By all reports, Lane was severely lacking in moral character. Chronicler Paul Petersen calls him “an unscrupulous opportunist in both his personal relations and political associations … violent, paranoid, and highly unbalanced.” Lane, writes Brownlee, “represented the worst aspects of fanaticism.”

Physically, Lane was far from prepossessing. He was thin bordering on gaunt—a
reporter referred to him as “eely-shaped”—and exceedingly homely. As his photographs show, he exhibited a dour aspect. His hair stood wildly in all directions, and Brownlee describes him as an “evil-looking creature with the sad, dim-eyed, bad-toothed face of a harlot.”

Apparently, however, he was a natural leader with a gift for captivating an audience. Hearing Lane speak, a contemporary called his mannerisms “voluble and incessant, without logic, learning, rhetoric, or grace,” spoken in “a series of transitions from the broken scream of a maniac
to the hoarse, rasping guttural of a Dutch butcher in the last gasp of inebriation.” His vocabulary “was a pudding of slang, profanity, and solecism,” and “the electric shock of his extraordinary eloquence thrilled.”

In 1856, Lane gave a fundraising speech in Chicago on behalf of the free-soilers of Kansas. According to local newspaper accounts, the talk raised an astounding $15,000—more than $400,000 in today’s currency—and when he finished, gamblers threw their pistols on the stage and begged Lane to take them west. Businessmen threw their purses, newsboys tossed pennies, women wept, and people milled around the platform in a high state of agitation.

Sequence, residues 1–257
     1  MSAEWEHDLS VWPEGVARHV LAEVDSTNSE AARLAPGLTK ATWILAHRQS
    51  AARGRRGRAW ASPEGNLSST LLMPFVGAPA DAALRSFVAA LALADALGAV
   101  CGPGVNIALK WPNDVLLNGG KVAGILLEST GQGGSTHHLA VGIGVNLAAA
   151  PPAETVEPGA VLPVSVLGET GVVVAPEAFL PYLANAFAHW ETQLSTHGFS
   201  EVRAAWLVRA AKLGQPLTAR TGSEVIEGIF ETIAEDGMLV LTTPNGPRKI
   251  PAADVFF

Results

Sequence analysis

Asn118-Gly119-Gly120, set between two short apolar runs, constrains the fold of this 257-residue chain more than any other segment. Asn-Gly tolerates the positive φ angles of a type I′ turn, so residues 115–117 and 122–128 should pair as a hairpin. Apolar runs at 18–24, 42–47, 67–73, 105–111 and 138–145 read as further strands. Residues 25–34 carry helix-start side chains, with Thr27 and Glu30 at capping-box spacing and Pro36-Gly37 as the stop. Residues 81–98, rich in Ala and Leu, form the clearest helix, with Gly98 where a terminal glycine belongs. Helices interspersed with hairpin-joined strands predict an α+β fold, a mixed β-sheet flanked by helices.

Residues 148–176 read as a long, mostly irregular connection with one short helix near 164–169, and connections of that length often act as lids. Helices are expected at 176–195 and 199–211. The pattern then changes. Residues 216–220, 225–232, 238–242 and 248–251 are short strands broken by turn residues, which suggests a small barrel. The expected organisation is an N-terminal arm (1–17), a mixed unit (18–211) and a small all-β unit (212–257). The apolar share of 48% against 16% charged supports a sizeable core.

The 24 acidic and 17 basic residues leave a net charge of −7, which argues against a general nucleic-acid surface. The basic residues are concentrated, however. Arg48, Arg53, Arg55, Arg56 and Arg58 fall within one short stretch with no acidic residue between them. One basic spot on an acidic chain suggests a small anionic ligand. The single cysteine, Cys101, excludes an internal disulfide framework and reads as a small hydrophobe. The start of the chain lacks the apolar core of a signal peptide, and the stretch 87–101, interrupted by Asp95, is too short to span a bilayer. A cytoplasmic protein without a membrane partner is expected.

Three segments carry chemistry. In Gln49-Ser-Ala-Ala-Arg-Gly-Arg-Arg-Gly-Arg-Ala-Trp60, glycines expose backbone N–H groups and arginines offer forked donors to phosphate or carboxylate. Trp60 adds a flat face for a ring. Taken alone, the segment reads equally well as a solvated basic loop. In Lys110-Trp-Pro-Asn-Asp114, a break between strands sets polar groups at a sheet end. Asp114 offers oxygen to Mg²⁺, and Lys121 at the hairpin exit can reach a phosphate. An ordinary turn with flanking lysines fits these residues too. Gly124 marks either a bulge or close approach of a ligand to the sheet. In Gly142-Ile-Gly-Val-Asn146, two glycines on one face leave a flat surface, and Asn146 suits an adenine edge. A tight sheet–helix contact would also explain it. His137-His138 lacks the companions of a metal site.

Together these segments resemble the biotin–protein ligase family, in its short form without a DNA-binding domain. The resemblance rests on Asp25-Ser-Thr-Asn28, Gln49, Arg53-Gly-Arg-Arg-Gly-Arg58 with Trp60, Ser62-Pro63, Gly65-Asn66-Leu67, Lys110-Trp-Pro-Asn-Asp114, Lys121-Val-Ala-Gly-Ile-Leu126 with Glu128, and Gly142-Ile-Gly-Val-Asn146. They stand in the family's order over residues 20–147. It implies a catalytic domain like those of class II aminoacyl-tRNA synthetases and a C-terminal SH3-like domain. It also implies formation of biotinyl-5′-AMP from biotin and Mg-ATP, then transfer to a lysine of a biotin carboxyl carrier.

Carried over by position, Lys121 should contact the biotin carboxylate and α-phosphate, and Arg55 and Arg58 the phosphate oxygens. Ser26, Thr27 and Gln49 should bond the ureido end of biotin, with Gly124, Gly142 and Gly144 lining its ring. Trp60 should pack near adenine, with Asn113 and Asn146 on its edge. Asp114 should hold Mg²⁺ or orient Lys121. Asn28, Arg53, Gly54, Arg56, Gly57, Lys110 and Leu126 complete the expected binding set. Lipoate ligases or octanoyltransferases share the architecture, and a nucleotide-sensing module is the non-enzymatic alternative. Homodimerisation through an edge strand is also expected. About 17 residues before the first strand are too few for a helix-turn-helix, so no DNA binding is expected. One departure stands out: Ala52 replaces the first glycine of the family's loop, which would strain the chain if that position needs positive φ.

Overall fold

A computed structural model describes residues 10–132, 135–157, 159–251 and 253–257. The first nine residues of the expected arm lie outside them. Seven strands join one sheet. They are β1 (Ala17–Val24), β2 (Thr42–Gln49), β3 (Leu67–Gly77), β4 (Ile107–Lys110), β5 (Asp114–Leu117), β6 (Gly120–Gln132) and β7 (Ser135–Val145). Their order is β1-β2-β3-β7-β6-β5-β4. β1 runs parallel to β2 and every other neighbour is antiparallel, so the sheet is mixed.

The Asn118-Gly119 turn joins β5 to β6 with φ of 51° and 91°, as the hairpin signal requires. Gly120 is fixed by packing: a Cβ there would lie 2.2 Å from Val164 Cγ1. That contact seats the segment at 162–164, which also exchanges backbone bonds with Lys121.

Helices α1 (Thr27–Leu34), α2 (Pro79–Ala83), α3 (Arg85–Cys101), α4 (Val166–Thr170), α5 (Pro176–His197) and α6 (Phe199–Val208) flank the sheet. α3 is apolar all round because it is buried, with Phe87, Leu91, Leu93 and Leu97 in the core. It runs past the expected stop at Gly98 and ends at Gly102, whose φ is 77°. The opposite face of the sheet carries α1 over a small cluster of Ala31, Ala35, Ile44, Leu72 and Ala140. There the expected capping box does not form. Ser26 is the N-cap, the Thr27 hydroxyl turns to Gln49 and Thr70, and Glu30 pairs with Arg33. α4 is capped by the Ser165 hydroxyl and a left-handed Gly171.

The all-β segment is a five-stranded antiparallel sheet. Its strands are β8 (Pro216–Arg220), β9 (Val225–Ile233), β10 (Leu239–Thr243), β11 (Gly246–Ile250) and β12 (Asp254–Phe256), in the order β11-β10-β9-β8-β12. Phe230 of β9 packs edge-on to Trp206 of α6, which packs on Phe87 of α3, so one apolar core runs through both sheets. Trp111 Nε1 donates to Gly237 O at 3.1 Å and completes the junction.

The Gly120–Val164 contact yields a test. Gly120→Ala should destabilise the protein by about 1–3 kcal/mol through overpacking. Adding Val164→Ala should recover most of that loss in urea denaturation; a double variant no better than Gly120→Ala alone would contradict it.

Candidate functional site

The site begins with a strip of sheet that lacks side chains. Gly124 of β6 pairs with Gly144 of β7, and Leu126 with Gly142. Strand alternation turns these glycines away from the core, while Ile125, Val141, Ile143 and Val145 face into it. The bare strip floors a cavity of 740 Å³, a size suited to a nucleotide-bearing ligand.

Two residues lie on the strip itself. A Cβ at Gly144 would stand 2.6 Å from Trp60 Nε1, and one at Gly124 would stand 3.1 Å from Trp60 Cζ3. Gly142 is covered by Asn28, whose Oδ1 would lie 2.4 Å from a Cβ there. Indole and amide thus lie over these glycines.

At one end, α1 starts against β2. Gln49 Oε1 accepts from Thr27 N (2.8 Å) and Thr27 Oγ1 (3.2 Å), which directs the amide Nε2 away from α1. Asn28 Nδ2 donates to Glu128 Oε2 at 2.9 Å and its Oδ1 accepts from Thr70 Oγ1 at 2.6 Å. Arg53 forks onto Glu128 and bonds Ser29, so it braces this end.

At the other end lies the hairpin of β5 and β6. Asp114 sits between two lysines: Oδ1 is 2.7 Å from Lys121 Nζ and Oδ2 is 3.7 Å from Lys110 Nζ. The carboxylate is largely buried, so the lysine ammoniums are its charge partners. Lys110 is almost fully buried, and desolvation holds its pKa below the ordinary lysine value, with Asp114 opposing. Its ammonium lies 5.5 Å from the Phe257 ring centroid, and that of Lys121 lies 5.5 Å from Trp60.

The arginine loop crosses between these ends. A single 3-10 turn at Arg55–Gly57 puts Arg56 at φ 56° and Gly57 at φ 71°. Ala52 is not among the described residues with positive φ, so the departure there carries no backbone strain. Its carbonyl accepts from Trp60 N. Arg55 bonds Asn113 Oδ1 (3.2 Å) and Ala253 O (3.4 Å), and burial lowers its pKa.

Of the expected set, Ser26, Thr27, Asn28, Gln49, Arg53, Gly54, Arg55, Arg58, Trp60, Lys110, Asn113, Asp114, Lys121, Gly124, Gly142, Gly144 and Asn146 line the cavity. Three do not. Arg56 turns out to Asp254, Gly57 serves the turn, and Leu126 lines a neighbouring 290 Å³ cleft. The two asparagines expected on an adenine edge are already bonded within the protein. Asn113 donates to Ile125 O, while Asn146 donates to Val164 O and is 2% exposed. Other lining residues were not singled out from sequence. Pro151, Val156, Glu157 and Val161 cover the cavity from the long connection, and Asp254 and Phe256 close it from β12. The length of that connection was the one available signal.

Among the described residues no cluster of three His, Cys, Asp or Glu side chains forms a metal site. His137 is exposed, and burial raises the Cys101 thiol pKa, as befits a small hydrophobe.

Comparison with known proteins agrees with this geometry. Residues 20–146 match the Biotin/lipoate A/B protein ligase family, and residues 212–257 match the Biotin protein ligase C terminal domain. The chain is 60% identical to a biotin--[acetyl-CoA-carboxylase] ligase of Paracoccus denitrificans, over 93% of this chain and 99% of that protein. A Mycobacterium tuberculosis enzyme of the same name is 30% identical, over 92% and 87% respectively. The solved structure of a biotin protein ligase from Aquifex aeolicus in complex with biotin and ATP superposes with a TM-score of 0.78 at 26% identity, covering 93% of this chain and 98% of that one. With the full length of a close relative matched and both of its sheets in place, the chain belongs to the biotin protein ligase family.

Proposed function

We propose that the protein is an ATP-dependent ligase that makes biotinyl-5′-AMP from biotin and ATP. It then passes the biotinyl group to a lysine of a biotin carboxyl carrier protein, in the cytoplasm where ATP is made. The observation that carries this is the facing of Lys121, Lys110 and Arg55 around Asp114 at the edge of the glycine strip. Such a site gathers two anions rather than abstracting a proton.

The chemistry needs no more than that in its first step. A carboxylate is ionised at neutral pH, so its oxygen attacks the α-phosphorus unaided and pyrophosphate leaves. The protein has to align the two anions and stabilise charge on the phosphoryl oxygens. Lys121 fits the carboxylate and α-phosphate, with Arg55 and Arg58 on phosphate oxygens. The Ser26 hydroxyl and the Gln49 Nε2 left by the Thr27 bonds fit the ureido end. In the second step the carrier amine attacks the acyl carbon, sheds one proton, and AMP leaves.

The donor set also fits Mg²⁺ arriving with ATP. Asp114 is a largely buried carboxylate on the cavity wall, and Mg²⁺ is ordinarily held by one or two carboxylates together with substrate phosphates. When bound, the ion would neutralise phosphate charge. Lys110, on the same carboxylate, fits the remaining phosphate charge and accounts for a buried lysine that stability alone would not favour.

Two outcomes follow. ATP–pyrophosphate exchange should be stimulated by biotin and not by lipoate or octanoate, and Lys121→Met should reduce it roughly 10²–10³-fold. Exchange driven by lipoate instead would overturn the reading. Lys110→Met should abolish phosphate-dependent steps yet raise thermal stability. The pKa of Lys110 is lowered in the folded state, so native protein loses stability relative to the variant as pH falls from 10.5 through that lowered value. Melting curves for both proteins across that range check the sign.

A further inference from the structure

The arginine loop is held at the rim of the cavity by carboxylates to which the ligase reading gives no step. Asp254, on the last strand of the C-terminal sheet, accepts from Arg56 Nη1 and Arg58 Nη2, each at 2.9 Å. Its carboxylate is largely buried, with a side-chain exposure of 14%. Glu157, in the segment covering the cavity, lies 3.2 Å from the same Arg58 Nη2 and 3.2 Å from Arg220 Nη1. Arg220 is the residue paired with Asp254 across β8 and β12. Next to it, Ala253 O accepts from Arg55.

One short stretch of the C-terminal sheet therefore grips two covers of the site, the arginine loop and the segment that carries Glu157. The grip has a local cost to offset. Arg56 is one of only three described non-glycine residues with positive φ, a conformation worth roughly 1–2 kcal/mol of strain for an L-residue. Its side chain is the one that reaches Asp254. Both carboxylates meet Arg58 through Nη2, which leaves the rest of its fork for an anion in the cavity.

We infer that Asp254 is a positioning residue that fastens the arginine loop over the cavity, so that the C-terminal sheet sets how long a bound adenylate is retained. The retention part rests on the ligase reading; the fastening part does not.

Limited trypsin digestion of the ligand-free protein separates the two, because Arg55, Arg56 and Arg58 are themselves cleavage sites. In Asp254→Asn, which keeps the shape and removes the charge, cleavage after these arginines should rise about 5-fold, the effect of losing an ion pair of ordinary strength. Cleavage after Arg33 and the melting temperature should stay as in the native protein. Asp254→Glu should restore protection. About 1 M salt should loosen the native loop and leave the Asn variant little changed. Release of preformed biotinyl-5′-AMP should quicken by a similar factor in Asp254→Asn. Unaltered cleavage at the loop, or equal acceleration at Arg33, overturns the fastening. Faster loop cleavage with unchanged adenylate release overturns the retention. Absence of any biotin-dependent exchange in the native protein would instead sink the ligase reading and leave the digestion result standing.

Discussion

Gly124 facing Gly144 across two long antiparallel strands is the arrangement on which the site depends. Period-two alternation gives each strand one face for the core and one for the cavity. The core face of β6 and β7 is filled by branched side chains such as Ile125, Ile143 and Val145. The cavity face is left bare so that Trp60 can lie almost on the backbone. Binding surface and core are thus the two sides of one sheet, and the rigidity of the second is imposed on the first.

So persuasive was Lane that he became the unchallenged leader of Kansas’s free-soilers, even after he was tried but acquitted for shooting and killing his neighbor over a land dispute. When Kansas became a state in early 1861, he convinced its citizens to send him to Washington as their senator.

Upon arriving in the nation’s capital, the savvy Lane set about winning over newly elected President Abraham Lincoln. He formed the 60-man “Frontier Guard,” a volunteer outfit composed mainly of Kansans, and installed them in the East Room of the White House, ostensibly to protect the president. Lincoln’s secretaries, John Nicolay and John Hay, were less than sanguine over their presence, complaining that the rough-hewn company staged “rudimentary squad drill under the light of the gorgeous gas chandeliers.” But Lincoln, impressed with Lane’s initiative, became an immediate ally of the new senator, despite the negative feedback Lincoln regularly received from numerous sources.

Shortly thereafter, Edwin M. Stanton, Lincoln’s secretary of war, gave Lane authorization to raise troops on behalf of the Union. Upon returning home to Lawrence, he set about doing just that, assembling “Lane’s Brigade,” consisting of two volunteer regiments of cavalry and one of infantry. Lincoln put forth Lane’s name as a brigadier general of volunteers, uniquely making him both a sitting senator and a general officer.

Kansas Governor Charles Robinson, who had known and disliked Lane for some time, viewed his activities with trepidation, warning that “Lane’s brigade will get up a war by going over the line, committing depredations, and then returning to our state.” Robinson could not have been more prescient. Lane had a plan, and by late summer, he was ready to put his plan into action.

Crossing the Line

James Henry Lane
James Henry Lane served as a lieutenant governor, congressman, senator, and Union brigadier general with the support of President Abraham Linclol. After the war, he killed himself.

Far from entering Missouri to do battle with Confederate units, Lane planned to follow in the wake of rebel general and former Missouri Governor Sterling Price’s

12,000-man Missouri State Guard. He intended to punish every community that had given aid and comfort to Price and his men. It was by far the safer strategy.